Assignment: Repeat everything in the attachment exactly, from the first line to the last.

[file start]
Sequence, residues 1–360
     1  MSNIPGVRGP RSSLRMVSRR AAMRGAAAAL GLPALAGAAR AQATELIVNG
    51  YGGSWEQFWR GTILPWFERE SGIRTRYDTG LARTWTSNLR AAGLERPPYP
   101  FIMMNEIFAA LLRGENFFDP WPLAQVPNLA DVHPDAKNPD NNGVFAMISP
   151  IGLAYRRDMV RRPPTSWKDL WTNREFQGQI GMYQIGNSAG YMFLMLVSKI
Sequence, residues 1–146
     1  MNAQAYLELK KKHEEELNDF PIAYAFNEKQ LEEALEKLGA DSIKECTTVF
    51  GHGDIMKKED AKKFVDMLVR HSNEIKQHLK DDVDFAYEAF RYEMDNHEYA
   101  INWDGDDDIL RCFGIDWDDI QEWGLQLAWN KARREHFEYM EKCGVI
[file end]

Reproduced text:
Sequence, residues 1–360
     1  MSNIPGVRGP RSSLRMVSRR AAMRGAAAAL GLPALAGAAR AQATELIVNG
    51  YGGSWEQFWR GTILPWFERE SGIRTRYDTG LARTWTSNLR AAGLERPPYP
   101  FIMMNEIFAA LLRGENFFDP WPLAQVPNLA DVHPDAKNPD NNGVFAMISP
   151  IGLAYRRDMV RRPPTSWKDL WTNREFQGQI GMYQIGNSAG YMFLMLVSKI
Sequence, residues 1–146
     1  MNAQAYLELK KKHEEELNDF PIAYAFNEKQ LEEALEKLGA DSIKECTTVF
    51  GHGDIMKKED AKKFVDMLVR HSNEIKQHLK DDVDFAYEAF RYEMDNHEYA
   101  INWDGDDDIL RCFGIDWDDI QEWGLQLAWN KARREHFEYM EKCGVI